"Don't see any killers in the stadium": Putin's war weighs heavily on the World Athletics Championships

For the Ukrainian track and field athletes, the world championship is also a challenge against the background of the Russian war of aggression in their homeland.

"Don't see any killers in the stadium": Putin's war weighs heavily on the World Athletics Championships

For the Ukrainian track and field athletes, the world championship is also a challenge against the background of the Russian war of aggression in their homeland. Russia and Belarus are excluded. Everything else would have been unthinkable for World Association President Sebastian Coe.

The Ukraine war is also a topic that touches people's minds in the peaceful competition for titles and medals at the World Athletics Championships. "None of us want to be in their shoes. It's very sad and a pity," said Germany's best pole vaulter Bo Kanda Lita Baehre about the more than 20 Ukrainian athletes who are at the start in Eugene.

Long jump Olympic champion Malaika Mihambo also paid her respects to the starters of the country attacked by Russia. "I think it's remarkable how the Ukrainian athletes are pulling themselves together and trying to do their best despite this critical situation," said Mihambo.

The world association World Athletics had already reacted after the start of the Ukraine war in February: Russia and Belarus were quickly excluded from the world title fights in the USA. "It would have been unthinkable to organize a world championship here with athletes from Belarus and Russia, two aggressive nations that have invaded an independent state," emphasized world association president Sebastian Coe before the start of the world championship.

The Ukrainian high jumper Yaroslava Mahuchich put it more drastically. "I don't want to see any killers in the stadium. A lot of athletes support the war," said the 2019 World Cup bronze medalist and indoor world champion of the American news agency AP. In the final on Wednesday night (2.40 a.m. / ZDF) she is the gold favorite - also because the three-time world champion Marija Lassizkene from Russia is not at the start.

In an open letter to Thomas Bach, President of the IOC, and Coe, Lassizkene complained that he would not be able to take part in the World Cup. Although Lassizkene showed sympathy for the athletes from Ukraine ("They are experiencing what no human being should ever experience"), he also said that the exclusion of Russia from international sport would not stop the war, but "a new war about and in sport " would have sparked.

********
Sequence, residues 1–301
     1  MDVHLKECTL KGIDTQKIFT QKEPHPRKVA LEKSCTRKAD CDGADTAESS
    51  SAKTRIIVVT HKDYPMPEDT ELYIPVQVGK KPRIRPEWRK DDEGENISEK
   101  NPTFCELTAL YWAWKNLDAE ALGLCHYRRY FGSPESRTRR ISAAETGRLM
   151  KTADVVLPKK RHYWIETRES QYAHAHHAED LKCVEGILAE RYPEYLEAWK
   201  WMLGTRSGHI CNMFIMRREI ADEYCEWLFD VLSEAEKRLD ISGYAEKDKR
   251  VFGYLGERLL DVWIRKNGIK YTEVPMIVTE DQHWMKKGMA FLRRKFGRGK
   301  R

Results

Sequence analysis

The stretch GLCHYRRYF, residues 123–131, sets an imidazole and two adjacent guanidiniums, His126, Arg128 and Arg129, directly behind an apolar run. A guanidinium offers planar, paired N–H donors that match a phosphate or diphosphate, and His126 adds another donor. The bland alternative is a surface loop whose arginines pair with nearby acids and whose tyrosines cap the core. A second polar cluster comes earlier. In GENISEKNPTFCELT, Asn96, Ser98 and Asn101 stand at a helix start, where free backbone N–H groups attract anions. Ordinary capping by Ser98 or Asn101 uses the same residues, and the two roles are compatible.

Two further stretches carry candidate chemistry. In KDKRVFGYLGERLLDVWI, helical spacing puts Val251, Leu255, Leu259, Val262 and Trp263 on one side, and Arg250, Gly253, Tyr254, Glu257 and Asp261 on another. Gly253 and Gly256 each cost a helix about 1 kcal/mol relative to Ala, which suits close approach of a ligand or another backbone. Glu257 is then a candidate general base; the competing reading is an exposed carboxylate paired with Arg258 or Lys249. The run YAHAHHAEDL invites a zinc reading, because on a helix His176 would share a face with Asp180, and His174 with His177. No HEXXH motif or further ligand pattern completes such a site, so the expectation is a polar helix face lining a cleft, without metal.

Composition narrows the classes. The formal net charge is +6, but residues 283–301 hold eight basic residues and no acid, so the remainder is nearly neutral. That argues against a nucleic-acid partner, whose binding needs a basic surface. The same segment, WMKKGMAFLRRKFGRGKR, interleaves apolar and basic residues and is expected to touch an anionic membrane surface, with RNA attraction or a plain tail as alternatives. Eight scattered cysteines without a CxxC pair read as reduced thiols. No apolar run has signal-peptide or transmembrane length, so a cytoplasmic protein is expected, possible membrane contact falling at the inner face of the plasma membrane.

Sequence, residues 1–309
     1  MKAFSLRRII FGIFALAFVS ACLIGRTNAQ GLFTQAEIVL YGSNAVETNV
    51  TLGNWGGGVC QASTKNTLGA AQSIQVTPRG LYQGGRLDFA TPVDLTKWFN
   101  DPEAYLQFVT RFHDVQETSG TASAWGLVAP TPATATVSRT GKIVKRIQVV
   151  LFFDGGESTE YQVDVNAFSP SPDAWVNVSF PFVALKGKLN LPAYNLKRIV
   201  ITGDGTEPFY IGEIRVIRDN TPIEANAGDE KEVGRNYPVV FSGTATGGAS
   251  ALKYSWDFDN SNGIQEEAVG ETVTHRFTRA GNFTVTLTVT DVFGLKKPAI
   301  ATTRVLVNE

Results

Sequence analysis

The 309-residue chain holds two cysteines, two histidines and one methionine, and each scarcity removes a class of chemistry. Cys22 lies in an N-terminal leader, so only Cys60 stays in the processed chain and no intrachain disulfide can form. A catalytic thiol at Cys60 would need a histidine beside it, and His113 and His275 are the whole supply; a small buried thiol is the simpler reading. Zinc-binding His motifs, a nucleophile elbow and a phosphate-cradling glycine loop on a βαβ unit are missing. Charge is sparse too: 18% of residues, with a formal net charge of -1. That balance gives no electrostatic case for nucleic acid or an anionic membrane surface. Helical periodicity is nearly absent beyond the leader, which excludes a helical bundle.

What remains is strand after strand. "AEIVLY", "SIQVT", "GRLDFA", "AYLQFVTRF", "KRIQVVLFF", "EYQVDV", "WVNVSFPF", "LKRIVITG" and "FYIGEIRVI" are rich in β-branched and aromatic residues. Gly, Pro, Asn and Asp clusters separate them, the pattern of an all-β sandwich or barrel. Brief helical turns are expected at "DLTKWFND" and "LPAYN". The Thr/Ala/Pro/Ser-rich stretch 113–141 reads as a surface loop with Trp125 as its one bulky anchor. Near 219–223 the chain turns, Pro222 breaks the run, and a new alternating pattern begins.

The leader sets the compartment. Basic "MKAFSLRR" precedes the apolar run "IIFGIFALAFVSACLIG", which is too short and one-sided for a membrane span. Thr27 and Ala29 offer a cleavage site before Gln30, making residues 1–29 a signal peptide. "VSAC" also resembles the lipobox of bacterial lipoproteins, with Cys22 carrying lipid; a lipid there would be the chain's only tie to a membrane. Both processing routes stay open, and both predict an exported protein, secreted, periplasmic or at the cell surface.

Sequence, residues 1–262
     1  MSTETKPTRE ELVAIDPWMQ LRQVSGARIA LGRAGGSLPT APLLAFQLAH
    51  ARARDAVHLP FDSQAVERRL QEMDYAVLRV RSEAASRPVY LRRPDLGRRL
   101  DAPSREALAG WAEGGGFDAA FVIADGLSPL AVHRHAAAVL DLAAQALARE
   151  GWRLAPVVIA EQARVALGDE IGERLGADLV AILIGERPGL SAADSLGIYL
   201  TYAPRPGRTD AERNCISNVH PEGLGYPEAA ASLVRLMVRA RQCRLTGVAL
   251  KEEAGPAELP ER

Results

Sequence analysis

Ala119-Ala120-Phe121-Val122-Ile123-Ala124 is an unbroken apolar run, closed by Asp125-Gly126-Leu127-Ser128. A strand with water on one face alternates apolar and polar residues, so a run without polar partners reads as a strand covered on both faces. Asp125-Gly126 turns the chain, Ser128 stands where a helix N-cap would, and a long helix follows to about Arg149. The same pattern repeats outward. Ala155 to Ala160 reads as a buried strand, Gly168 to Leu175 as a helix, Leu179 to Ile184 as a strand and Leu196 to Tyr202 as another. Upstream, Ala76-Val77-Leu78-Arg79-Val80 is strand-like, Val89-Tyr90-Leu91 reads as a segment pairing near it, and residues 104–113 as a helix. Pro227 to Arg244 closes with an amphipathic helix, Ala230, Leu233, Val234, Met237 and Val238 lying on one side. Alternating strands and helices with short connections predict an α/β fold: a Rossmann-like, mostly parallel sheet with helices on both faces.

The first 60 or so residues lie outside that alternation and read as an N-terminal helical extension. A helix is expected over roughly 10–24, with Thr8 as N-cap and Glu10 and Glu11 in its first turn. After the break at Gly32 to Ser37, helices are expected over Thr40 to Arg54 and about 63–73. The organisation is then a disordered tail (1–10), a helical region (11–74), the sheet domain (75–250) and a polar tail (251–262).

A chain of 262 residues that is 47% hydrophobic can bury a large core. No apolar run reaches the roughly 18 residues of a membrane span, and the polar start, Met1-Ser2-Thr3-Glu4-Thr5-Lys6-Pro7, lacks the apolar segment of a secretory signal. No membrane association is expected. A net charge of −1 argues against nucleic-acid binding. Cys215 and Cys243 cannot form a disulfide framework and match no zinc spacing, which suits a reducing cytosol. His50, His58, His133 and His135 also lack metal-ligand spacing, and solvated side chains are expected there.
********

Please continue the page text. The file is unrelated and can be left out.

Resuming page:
The German World Cup title defender Mihambo is in contact with her Ukrainian long jump colleague Maryna Bech-Romantschuk, who won silver at the 2019 World Cup in Doha and should be her rival again in Eugene on the final World Cup weekend. "During the competitions, we also talked about her life during the war. I am connected to her beyond the sporting side," said Mihambo.

The Ukrainian track and field athletes received financial support for the World Cup preparations from World Athletics. More than $220,000 has been made available for the country's participants at the U20 World Cup in Cali, Colombia and the World Cup in Eugene. Because of the war, many top athletes in Ukraine have to train abroad, where tests were organized for them by the World Anti-Doping Agency. Your start at the World Cup is burdened by the war, but it is also associated with a mission.

"The athletics family around the world agrees that it is the right decision," said German association president Jürgen Kessing on the exclusion of Russia and Belarus. "No sensible person can tolerate and understand when one state attacks another - right on our doorstep in the middle of Europe."

Nevertheless, the walker Jonathan Hilbert shows understanding for the Russian athletes. "Of course I'm sorry for them that they are not allowed to start because they have nothing to do directly with the war of aggression," said the Olympic silver medalist over 50 kilometers. "But you have to say clearly that a tough course is being taken internationally that is justifiable and fair." Association leader Kessing shares this view: "It is necessary to set limits, especially at this time. What else should you tolerate?"

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